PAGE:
Just before the grand Secretariat Building, one can spot the circular shape of India’s Parliamentary building. I would have liked to spend more time or even an afternoon exploring this part of Delhi if time permits. Sadly I did not have enough time as I would have liked to discover the rest of sights Delhi has to offer. Other sights that I would probably have liked to visit includes the Red Fort and Chandni Chowk in the older part of town. The Red Fort is important being the residence of Mughal emperors and can be compared to the Forbidden City in Beijing while at the same time also being the location where the Prime Minister of India delivers his speech and hoists the flag during Independence Day. Another sight I would put on a to-visit list is Connaught Place, a circular roundabout that functions as the place to dine and shop while in Delhi.
In the afternoon, I returned to hotel for a snack as well as to rest in the lounge. For dinner, I have arranged to have it at the ITC Maurya, a Luxury Collection property in Delhi and it also gave me the chance to explore another luxury hotel in the city. The main sight in the hotel would be the mural in the lobby atrium painted by Indian artist Krishen Khanna with the title being “Procession of Life”. The vibrant colours of the mural sure makes it a joy to just sit around the lobby atrium as I waited for the restaurants to open at 7pm. It seems that most hotel restaurants starts their dinner service at 7pm and not earlier.
Initially I had intended to try Dum Pukht, but the opulent restaurant was fully booked for the night. This left me to proceed to the other choice being Bukhara. My dinner at Bukhara turns out to be fantastic since they have individual set meals for one person and they allowed you to choose from 3 of their main courses which are comprised of vegetarian and non-vegetarian options. Think of it as a tasting menu if you may, and I picked 3 (Murgh Malai Kebab, Murgh Tandoori and Peshawari Kebab) of the non-vegetarian kebabs. This meant I would have 2 chicken and one lamb tandoori along with a butter naan. The table setting at the restaurant has no cutleries as diners eat with their hands though foreigners are provided with the option to ask for cutleries should they need them. There was a large apron for diners to wear where they could wipe their hands upon. Diners are also provided a cold towel to freshen up which was a nice welcome.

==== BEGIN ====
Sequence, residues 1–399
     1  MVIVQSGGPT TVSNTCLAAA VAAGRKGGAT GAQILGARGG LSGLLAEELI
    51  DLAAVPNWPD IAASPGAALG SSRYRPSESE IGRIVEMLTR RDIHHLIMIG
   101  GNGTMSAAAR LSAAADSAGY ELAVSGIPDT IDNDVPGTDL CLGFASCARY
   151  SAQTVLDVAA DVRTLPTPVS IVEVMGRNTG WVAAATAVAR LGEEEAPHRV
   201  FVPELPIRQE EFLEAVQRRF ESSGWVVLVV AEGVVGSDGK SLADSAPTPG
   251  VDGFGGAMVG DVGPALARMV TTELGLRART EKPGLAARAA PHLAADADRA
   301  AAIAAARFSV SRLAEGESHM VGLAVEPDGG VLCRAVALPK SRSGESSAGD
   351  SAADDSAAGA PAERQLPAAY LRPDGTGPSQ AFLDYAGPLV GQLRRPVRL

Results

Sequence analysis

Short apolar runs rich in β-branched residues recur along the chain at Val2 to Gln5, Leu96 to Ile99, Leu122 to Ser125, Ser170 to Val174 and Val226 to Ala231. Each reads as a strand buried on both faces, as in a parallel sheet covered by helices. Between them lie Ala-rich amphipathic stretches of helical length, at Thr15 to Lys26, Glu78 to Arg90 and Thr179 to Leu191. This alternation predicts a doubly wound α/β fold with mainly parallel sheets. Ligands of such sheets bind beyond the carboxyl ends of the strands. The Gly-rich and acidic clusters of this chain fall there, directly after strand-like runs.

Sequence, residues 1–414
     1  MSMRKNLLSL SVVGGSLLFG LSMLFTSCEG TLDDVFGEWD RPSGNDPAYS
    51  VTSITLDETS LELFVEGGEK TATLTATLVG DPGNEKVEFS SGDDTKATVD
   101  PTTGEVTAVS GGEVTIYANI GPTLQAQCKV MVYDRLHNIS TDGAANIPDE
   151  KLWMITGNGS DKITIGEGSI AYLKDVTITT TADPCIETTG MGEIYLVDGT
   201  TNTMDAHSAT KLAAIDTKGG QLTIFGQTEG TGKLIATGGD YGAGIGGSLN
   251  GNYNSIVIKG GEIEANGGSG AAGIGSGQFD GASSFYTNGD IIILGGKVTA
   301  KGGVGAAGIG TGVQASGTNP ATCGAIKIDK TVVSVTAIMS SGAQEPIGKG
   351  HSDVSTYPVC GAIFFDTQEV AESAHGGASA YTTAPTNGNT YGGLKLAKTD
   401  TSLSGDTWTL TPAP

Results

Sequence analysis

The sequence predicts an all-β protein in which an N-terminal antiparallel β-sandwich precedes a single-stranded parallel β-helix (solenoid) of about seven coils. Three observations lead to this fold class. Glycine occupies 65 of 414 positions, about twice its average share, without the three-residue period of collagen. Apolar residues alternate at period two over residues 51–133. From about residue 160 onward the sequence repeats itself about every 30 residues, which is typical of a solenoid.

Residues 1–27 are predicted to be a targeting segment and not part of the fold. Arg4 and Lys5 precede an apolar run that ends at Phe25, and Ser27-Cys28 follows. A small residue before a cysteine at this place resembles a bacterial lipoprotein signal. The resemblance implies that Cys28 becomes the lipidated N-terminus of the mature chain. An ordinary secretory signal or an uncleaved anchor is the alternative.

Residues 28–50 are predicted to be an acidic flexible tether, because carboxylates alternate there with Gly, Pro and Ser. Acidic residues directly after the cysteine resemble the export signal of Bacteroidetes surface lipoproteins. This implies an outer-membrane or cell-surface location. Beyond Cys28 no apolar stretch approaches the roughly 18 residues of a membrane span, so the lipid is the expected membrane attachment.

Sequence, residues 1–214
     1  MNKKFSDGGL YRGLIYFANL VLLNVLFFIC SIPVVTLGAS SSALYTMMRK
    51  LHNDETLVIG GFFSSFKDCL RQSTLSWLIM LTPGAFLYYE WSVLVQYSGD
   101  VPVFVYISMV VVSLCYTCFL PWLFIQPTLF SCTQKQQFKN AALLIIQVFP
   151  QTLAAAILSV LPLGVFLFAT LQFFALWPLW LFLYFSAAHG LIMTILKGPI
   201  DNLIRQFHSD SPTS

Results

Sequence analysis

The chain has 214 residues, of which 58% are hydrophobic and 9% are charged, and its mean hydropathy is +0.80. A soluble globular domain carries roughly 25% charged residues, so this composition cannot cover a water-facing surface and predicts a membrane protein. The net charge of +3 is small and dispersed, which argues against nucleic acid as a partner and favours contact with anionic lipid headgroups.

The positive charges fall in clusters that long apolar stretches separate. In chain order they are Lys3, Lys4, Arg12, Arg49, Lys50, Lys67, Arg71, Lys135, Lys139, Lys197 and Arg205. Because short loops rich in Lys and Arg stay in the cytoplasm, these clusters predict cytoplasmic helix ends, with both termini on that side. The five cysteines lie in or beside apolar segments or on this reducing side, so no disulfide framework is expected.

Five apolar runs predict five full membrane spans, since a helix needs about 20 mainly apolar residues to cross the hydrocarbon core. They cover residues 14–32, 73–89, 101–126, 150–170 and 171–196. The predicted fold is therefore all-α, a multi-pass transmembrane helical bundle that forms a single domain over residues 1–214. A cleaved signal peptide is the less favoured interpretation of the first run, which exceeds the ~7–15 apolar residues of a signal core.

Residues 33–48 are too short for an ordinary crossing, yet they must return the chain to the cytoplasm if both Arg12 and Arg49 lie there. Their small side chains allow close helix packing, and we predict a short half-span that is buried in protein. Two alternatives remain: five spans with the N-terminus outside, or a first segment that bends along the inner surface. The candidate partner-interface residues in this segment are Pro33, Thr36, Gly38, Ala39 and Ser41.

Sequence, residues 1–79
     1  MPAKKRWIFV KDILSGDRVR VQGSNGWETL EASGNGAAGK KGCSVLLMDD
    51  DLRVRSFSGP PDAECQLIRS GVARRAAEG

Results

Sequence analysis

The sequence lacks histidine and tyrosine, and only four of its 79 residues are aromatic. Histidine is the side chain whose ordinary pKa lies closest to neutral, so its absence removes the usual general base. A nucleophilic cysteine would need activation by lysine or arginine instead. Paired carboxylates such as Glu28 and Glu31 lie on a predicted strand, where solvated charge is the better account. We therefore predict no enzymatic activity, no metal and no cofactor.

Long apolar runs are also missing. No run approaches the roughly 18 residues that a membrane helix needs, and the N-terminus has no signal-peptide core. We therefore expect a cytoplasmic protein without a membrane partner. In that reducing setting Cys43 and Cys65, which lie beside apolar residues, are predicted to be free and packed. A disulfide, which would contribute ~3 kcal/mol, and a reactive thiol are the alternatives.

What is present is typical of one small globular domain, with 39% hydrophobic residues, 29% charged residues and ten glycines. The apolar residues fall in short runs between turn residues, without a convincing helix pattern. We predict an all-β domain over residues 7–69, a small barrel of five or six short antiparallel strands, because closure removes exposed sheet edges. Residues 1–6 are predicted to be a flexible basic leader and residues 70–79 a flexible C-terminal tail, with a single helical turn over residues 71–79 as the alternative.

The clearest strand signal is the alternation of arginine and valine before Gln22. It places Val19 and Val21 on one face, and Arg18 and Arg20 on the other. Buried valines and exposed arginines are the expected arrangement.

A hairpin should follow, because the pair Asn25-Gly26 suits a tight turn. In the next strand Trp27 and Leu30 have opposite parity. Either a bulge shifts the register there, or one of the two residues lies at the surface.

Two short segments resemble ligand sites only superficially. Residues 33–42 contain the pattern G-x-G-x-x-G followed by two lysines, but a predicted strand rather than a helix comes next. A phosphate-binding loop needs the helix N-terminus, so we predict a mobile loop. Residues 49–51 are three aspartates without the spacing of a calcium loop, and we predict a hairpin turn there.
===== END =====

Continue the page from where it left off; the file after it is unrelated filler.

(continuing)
Prior to the main meal, a crispy flatbread was served along with fresh onions, a spicy green chutney and yogurt for the dressing. I loved this so much that I asked for more of the crispy bread which was a mistake since I should not have eaten too much before the main course.
When the main course arrived it came with a huge naan and with smaller portions of the 3 kebabs and tandoori. They came together in a plate and the main course itself was spectacular and probably the best tandoori I have ever had. Usual tandoor-cooked meats can be dry and tough but this one was juicy and tender. All 3 have a rich flavour and texture that makes the dish really appealing. I did manage to finish all the meat but not the naan.
To end, the tasting menu includes a dessert and I picked one of the custard puddings that was topped with pistachios. Maybe I was already too full after the fantastic meal but I found the dessert to be a tad ordinary or maybe it just wasn’t to my liking.
However that was not the end, since the restaurant does provide mints in its own special way. A server came over with a tray that has cardamom seeds, grated coconut and sugar crystals. Diners are supposed to use the small spoon provided to scoop out a little bit of all 3 and put them in your hands and munch on them. It made for a very nice after dinner mints that everyone could definitely try on their own!
I would totally recommend visitors to India to head down to Bukhara for dinner. As some of my friends would later note, Bukhara actually played host to visiting dignitaries like Bill Clinton when he visited so that must count for something does it not? As I would later know, there is a similar concept restaurant with similar decor in the ITC Mughal in Agra, a sister property to ITC Maurya, though it has a different name as the ‘Bukhara’ name was supposedly a trademark.